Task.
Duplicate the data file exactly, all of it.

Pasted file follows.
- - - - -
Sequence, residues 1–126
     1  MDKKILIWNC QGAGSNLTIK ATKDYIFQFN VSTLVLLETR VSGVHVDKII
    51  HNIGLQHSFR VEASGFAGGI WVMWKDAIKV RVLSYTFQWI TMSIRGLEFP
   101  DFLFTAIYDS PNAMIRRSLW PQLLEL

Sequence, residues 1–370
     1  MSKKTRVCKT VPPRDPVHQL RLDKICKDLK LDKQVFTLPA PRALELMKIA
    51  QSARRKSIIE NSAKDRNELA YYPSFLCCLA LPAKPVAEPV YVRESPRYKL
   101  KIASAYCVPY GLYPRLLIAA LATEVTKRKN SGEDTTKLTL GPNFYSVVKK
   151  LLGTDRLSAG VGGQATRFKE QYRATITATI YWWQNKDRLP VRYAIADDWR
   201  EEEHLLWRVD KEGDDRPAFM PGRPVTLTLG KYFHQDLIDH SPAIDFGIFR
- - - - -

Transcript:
Sequence, residues 1–126
     1  MDKKILIWNC QGAGSNLTIK ATKDYIFQFN VSTLVLLETR VSGVHVDKII
    51  HNIGLQHSFR VEASGFAGGI WVMWKDAIKV RVLSYTFQWI TMSIRGLEFP
   101  DFLFTAIYDS PNAMIRRSLW PQLLEL

Sequence, residues 1–370
     1  MSKKTRVCKT VPPRDPVHQL RLDKICKDLK LDKQVFTLPA PRALELMKIA
    51  QSARRKSIIE NSAKDRNELA YYPSFLCCLA LPAKPVAEPV YVRESPRYKL
   101  KIASAYCVPY GLYPRLLIAA LATEVTKRKN SGEDTTKLTL GPNFYSVVKK
   151  LLGTDRLSAG VGGQATRFKE QYRATITATI YWWQNKDRLP VRYAIADDWR
   201  EEEHLLWRVD KEGDDRPAFM PGRPVTLTLG KYFHQDLIDH SPAIDFGIFR